The following article from a secular Dutch magazine, explains why
an Irish Legionary named Father Vincent McMahon, LC, is so
loved by the people he serves.
Holland, July 29,
2008. In a secularized society, the witness of an authentic
priest can shed a great light. The following article about
Fr Vincent McMahon, LC, was originally published in Dutch in
the July issue of the magazine "Navenant. Het beste
van Limburg" (Just Right. The Best of Limburg). Limburg is
a region in the south of Holland and in the
north of Belgium, and the magazine presents the natural and
cultural attractions of the area, as well as some local
people who stand out for their work. Translated and reprinted
Father Vincent McMahon, the Don Camillo of the
By Marlies Sobzcak-Bouwmans
From the magazine "Navenant. Het beste van Limburg"
He is probably one of
the most popular priests in the Province of Limburg, though
in his modesty he will never admit it. Be that
as it may, he attracts many people to Church, his
sermons have a special impact, and one will surely be
smiling before the end of the ceremony. He is a
friendly man, audacious in his expressions and very good humoured.
A priest who loves life and people. A very special
Fr. McMahon is Irish, as one can easily notice from
his accent. Humour is his trademark; he laughs frequently and
heartily. He grew up as one of five children, in
a pure environment in a beautiful countryside not far from
the sea. His was a household filled with warmth, love,
and simplicity. “I was the black sheep of the family.
If anything was broken or missing, I got the blame.
And usually I was to blame anyway…”
McMahon has great
memories of his youth: the wild sea, the music, the
songs. With time much has changed, but these things retain
a special place in his heart. When eighteen years old
he felt called to the priesthood. “I read a book
about Fr. Damian who gave his life for the lepers
in Molokai. I was so impressed that I wished to
live my life in the service of others.”
is a member of the Legionaries of Christ, a congregation
with many young priests. “For a time I was divided
between the call to the priesthood and forming a family.
Like every person, I have the normal weaknesses and impulses…”
He began his studies in Ireland and continued his formation
in Spain and Mexico. At the age of 26, he
began his philosophy studies at the Gregorian University in Rome.
“I loved life in Rome. I lived in a College
and got to know the city through the windows of
the bus.” He later became a parish priest in Rome
and was specially dedicated to work with students. The city
had a great effect on him, and he was completely
taken up by the atmosphere, the churches, monuments, streets, little
shops, and big football matches. He now watches the local
teams in his parish, Green Star and NEC, and is
one of their faithful supporters. McMahon still has many friends
in Rome and he is often invited to return for
celebrations (something which his duties in Holland rarely permit). He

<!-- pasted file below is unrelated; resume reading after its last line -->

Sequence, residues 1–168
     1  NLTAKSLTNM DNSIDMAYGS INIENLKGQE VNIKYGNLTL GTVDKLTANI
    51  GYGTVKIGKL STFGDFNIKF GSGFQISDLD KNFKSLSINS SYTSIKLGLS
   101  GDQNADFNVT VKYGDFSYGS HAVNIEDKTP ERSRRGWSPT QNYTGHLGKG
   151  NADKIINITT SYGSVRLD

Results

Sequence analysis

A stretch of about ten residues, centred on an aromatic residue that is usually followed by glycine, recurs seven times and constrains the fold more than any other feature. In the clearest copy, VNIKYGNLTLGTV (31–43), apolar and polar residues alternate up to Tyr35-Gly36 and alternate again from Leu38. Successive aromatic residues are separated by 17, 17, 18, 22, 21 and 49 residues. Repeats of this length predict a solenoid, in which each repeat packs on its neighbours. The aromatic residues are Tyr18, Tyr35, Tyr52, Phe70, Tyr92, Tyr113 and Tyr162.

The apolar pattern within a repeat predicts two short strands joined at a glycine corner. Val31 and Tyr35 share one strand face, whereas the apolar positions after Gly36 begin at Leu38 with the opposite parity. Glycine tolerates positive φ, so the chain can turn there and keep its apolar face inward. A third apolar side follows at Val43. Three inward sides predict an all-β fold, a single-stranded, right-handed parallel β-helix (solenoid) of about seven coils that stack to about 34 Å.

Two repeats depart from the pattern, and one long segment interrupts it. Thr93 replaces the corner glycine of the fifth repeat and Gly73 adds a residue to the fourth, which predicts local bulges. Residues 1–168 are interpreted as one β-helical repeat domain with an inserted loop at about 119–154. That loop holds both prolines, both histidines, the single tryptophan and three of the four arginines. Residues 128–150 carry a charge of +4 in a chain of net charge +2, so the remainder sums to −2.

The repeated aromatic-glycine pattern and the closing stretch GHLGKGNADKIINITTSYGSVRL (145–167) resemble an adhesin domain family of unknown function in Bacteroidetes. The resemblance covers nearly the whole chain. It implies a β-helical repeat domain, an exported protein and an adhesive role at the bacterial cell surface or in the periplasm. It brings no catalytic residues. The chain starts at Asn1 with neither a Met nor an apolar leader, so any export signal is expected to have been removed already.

is well liked and well known in many circles. As
he himself says, “I am blessed with friends in every
A BLESSING FOR TOUGH MEN
On the day of this
interview we find a great number of motorcyclists lined up
outside his church with their shining machines. They are tough
men with elegant female companions in black leather suits. Fr.
McMahon appears in a gold-coloured pluvial cape and blesses the
group solemnly with holy water. Afterwards he entertains them in
an amusing conversation. The bike-riders love this and they have
great respect for the parish priest of St. Cornelius Church.
“These are great people,” says Fr. McMahon. “Before setting out
on a long ride they come to ask for a
blessing so that all may run safely.” McMahon has special
interest in the youth, and he has many friends in
the International School of Management in Maastricht. “Last year after
a hike in the country, a young Latin American student
asked me if I could prepare her for baptism. That
makes a priest happy,” he smiles.
The step from the
great city of Rome to Chevremont (now almost twenty years
ago) and later to Heerlerheide was not easy for this
Irishman. He spoke English, Spanish, and Italian. But to speak
and preach in Dutch and to face the difficult Limburgs
dialect was more than hazardous. His Irish temperament and openness,
however, soon brought him very close to the people whose
joys and sorrows he shares: doctors, lawyers, travelers, the man
on the street. He can be a friend of politicians
of every colour, including communists like the legendary Don Camillo.
In every environment he feels at home and he understands
the personal situation of everyone he meets. Many of his
friends reside in North-Heerlen, a zone well known for its
social problems. Family tragedies, unemployment, drug-addiction, and crime are all
very frequent. “We try to help each other” says the
priest. “I admire the inner strength that these people have.
I specially remember a man whom I buried a year
ago. He had two handicapped children, and his wife was
completely paralyzed. He looked after them with great affection and
care until the day he died.” There are many other
cases, like the vagabond who came regularly to the rectory
for a sandwich. “Then one day he came no more,
and I learned that they had found his body under
a shrub close by, a victim of an overdose. We
do our best to help these people, but at such
a moment one asks oneself if one could not have
While we continue speaking over his work
in the seminary in Haarlem, he picks up the guitar.
Although he is no maestro, he does play a few
chords. As if he doesn’t know anything else, he sings
the Battle of New Orleans, and then, a variation of
How Beautiful is Limburg. “I love this country. My heart
lies here. I would like them to play this song
at my funeral.” What a day that will be in
the St. Cornelius Church.